However, it is totally impossible to estimate the probability of getting a ticket without knowing how many veterans vs newbies tried to get a ticket. Also, you seem to believe that veterans (3+y) try to go every year if they can, but this is not what we see in the Census. Even if we take into account only the years before tickets went sold out, the Census data suggest that most veterans skipped one or more years. It might not be the case for highly involved veterans like you or those around you, though.
Also, we have to take into account the fact that the publicity that BM got in the recent years due to some viral videos, documentaries and media coverage probably increased extremely the number of non-burners who would like to go to BM “at least once”.
If we had access to the burner profile database (and no, I don’t have that kind of access), it might be possible to estimate the probability of getting a ticket as a fonction of number of playa years, but I don’t see how it could be done from the Census data.
All in all, I’m not convinced by the data that the probability of getting a ticket if one wants a ticket is higher for newbies than it is for veterans, especially if we take into account a few elements such as:
– the growing number of interested non-burners
– the continuously increasing population in BRC
– the fact that veterans rarely come every year (especially “older” vets)
Also, IF the probabilities are skewed as you suggests, the Org is not necessary the culprit. Lets just remember that a very strong tradition in the BM culture is ticket gifting. Thus, veterans will often provide a ticket to a virgin friend to let them experience the event. Such a tradition definitely skews probability in favor of virgins by providing some of them with an easy access to a ticket, or at least a second chance to get one.
Finally, I’ll add a simple correction to your text. Your argument about BIG data suggests that the info collected via the Census, the burner profile and other Org-related projects end up in a big database in which everything can be analyzed and cross-referenced, but it’s hardly the case, at least for the Census. I’m not part of the Org, so I cannot tell what they do with the burner profile info. However, the Census data are kept separate from any other database and no email is in the database. The Census Lab provides the Org with the Census results, but the Census databases are under the responsibility of the Census Lab to insure a strict confidentiality of the data and respondents.
So, thanks for the topic, it looks like it sparked an interesting discussion. I hope that these clarifications were useful. If anyone of you wants to continue the discussion on playa, you are welcome to drop by the Census Lab (10:00 and Inner circle) and ask for Hunter.
Enjoy your burn!
Thanks for the detailed response Hunter. I’ve addressed it in a separate post: http://burners.me/2014/08/02/more-maths/
Hi again, I started reading your impressively detailed response. I will probably not be able to reply in the near future (I’m leaving for CA in 2-3 days), but I’ll do my best to give you my feedback about the questions raised in your posted response asap.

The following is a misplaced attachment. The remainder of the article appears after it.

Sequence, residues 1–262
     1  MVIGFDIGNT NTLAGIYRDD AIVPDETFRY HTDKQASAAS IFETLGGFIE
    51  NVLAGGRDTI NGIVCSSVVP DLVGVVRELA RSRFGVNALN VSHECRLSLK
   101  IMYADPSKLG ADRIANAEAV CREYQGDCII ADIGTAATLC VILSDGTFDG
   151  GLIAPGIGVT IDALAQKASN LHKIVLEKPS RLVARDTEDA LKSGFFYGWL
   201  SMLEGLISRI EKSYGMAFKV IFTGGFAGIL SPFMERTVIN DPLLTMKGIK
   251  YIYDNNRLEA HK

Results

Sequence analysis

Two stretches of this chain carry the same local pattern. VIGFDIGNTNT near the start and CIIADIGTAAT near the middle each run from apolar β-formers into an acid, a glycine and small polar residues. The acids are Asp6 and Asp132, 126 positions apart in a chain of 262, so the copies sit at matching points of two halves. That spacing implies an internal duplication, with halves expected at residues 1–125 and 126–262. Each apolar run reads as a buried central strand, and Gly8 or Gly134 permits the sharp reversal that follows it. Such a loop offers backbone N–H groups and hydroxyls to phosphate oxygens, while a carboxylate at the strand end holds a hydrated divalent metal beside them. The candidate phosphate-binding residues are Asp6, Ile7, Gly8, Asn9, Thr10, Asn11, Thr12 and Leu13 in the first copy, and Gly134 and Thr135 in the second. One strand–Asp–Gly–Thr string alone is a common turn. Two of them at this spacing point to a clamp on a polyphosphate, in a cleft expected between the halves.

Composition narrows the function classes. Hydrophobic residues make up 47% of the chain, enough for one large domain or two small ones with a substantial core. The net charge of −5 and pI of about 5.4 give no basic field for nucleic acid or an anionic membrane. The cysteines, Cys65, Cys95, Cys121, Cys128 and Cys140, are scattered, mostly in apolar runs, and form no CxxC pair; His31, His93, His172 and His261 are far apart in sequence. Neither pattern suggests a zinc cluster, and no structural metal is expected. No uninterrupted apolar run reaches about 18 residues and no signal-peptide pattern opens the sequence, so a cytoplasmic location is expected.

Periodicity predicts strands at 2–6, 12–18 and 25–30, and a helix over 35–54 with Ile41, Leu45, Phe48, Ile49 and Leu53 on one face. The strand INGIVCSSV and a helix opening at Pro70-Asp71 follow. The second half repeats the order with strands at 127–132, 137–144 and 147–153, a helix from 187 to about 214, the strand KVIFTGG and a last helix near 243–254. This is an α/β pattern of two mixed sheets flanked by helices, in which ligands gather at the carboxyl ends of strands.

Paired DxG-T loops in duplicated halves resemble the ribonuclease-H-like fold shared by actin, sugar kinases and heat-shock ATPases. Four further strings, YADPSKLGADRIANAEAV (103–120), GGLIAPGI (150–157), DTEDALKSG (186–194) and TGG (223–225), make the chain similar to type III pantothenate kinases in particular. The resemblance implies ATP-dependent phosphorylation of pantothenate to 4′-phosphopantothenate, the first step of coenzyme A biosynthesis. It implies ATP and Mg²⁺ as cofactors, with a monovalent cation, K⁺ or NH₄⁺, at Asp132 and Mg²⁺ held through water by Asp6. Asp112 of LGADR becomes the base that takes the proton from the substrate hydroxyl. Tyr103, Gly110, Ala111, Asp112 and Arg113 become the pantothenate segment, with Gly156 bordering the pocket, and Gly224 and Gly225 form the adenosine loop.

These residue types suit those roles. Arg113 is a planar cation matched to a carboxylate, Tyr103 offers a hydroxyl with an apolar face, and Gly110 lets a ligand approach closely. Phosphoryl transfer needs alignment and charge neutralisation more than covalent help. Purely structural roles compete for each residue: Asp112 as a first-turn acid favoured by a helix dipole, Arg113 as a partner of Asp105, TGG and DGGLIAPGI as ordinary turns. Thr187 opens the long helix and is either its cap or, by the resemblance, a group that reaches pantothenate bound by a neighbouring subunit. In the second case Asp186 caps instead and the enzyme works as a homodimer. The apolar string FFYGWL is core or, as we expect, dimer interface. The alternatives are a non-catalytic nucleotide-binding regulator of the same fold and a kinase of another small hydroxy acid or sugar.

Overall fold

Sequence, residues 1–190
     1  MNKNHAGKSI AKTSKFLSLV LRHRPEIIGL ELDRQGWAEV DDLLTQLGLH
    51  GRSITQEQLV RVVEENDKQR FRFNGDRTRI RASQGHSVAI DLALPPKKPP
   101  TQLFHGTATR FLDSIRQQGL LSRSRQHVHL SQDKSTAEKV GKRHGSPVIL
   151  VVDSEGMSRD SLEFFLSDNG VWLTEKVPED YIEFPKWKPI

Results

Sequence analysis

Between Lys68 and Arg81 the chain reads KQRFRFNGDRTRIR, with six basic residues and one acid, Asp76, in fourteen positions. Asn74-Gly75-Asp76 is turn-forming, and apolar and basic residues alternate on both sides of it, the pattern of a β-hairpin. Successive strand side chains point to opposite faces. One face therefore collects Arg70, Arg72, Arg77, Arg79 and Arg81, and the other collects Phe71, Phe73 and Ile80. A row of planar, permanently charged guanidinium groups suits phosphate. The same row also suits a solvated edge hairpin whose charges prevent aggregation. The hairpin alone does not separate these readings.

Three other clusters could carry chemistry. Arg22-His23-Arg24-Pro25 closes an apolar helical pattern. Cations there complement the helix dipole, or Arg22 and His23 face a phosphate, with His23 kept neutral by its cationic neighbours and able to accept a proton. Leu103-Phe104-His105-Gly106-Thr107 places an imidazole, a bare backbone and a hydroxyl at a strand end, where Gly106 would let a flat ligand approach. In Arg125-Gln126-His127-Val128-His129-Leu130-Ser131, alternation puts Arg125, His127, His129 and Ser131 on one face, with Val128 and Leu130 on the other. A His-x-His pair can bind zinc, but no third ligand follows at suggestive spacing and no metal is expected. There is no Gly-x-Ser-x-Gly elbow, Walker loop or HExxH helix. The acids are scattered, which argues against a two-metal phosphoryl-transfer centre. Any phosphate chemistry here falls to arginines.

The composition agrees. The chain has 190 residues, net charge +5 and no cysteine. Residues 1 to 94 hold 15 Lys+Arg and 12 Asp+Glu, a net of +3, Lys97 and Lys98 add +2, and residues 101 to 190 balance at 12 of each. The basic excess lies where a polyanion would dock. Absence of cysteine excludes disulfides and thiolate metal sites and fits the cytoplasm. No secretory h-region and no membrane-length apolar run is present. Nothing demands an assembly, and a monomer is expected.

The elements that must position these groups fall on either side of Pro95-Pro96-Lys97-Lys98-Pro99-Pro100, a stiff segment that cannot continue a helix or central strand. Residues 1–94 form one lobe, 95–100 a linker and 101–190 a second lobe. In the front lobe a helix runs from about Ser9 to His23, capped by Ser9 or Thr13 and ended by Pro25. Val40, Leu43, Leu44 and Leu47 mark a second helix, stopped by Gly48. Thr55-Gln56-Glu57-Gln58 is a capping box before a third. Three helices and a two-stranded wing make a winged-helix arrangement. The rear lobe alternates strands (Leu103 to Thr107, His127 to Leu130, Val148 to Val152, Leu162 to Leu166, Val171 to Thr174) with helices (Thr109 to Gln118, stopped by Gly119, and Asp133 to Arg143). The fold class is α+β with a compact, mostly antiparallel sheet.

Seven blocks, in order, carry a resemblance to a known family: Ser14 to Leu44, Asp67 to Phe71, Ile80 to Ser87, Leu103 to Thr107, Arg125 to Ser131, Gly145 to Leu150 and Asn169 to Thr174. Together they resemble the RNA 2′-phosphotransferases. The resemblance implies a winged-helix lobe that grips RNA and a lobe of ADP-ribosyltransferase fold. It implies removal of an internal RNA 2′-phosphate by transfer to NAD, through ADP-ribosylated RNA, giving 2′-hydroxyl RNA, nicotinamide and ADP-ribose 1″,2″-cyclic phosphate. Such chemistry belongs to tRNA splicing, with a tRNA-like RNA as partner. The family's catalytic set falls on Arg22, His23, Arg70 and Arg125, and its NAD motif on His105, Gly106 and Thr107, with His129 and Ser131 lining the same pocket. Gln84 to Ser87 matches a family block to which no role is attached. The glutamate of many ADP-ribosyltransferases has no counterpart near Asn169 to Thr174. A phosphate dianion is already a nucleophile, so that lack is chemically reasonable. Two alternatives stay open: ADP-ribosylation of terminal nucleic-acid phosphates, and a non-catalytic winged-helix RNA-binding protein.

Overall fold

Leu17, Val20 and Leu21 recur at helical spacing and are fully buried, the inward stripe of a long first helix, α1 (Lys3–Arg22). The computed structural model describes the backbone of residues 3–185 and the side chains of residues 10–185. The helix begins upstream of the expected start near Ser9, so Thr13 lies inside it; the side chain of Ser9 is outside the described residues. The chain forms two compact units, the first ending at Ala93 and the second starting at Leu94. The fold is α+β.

I concur with Hunter.
You could easily get a large number of virgins, if there’s a large number of virgins trying to get tickets (hmm, sold-out event ring any bells?).
How many total vets are there, or could there actually be, if you analyze total numbers over the years, and correct for repeat veterans. How about a wild-ass guess (high) of 100K veterans? Not all of whom want to go to BM. How many vets do you know who’ve not managed to go to BM, most years?
Now, compare to how many people are saying, I want to go to BM some year. That’s on my bucket list. Etc? 500K? 1M? More? 20 years of media saturation will do that; plus word-of-mouth will be raising that number, plus born-into-the-family, gifted tickets, etc. With limited ticket sales, you get built-in media coverage – that story writes itself for lazy/deadline-pressed journalists. Plus, if they focused on gifting tickets to media people in earlier years (to make burners out of them/raise awareness)… Hmm, Media Mecca much? Plus keep all the copyrights, and sell that at a premium – instead of giving it away (for others to make profit off of), means that that story will get placed/done well, since it cost the Rupurt a bunch of money to get the opportunity to publish it. Better placement == more eyeballs == more demand.
DGS came about specifically to retain veterans, or BM would’ve imploded with too many virgins, not enough awesome.
But culture dilution is a thing, and BM is suffering from it. And there’s no easy cure either.
Btw, 1M potential burners == .3% (yes, less than 1%) of the US, and completely ignores any international demand. I suspect that more than 1% of the population has heard about BM, and probably more than 1% would be interested in going. I might go as high as 5% (~15M). Now, how many are in queue? Probably not 15M. But I don’t think 200K-500K would be an unreasonable guess – esp. given stubhub and other scalping businesses.